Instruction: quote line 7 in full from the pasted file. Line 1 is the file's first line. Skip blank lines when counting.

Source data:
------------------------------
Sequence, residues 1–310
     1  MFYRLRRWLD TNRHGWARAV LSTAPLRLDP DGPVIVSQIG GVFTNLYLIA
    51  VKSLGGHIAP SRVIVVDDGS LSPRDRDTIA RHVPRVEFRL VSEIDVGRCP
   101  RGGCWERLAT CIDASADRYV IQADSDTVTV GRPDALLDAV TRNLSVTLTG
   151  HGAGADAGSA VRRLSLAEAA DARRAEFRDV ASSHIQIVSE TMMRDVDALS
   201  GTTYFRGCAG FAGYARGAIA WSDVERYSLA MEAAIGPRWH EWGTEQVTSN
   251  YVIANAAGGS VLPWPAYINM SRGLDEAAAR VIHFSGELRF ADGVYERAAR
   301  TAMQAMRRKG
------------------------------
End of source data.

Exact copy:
   251  YVIANAAGGS VLPWPAYINM SRGLDEAAAR VIHFSGELRF ADGVYERAAR